On Magic Realism
There are absolute masterpieces that move us intensely: Mozart’s Requiem; Homer’s Odyssey; the Sistine Chapel; King Lear. To fully appreciate their brilliance may require a long apprenticeship, but the reward is sheer beauty.…
Einstein’s jewel, the general theory of relativity, is a masterpiece of this order. I remember the excitement I felt when I began to understand something about it. It was summer. I was on a beach at Condofuri in Calabria, immersed in the sunshine of the Hellenic Mediterranean, and in the last year of my university studies. Undistracted by schooling, one studies best during vacations.
I was studying with the help of abookthathadbeengnawed at the edges by mice, because at night I’d used it to block the holes of these poor creatures in the rather dilapidated, hippyish house on an Umbrian hillside where I used to take refuge from the tedium of university classes in Bologna. Ever so often I would raise my eyes from the book and look at the glittering sea: it seemed I was seeing the curvature of space and time imagined by Einstein.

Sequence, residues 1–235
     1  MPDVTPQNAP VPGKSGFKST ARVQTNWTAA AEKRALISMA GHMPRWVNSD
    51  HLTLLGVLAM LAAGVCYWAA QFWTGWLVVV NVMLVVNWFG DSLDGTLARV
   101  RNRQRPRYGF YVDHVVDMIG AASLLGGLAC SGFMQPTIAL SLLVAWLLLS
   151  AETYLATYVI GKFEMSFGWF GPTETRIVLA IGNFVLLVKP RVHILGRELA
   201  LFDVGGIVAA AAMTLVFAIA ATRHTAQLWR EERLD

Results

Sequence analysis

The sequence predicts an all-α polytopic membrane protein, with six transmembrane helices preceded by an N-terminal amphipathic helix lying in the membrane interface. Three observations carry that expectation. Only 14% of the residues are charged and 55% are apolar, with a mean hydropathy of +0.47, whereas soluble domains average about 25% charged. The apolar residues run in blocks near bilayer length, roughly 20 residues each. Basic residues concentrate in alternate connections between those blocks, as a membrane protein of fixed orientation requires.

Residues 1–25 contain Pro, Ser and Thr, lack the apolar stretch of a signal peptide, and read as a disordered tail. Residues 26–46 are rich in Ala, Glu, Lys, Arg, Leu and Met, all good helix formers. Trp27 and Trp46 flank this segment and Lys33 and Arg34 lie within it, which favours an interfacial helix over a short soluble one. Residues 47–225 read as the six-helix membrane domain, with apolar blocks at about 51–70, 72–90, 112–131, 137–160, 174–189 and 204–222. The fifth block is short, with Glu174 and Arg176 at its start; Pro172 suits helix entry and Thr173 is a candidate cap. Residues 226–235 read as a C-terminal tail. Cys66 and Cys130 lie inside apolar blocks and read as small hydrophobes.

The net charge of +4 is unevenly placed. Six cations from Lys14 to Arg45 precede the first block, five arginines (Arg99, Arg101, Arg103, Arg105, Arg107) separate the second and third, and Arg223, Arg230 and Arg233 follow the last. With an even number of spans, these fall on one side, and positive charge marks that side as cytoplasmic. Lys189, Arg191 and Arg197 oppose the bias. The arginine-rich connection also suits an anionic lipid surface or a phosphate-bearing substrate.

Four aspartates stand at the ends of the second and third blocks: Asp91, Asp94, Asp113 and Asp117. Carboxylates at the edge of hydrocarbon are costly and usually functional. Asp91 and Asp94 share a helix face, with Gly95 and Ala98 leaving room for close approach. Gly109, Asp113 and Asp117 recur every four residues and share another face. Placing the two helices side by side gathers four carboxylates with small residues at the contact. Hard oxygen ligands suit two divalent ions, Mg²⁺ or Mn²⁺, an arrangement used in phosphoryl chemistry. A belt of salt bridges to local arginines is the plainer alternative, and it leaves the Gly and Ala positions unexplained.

As if a friend was whispering into my ear an extraordinary hidden truth, suddenly raising the veil of reality to disclose a simpler, deeper order. Ever since we discovered that the Earth is round and turns like a mad spinning-top, we have understood that reality is not as it appears to us: every time we glimpse a new aspect of it, it is a deeply emotional experience. Another veil has fallen.
From “Seven Brief Lessons on Physics”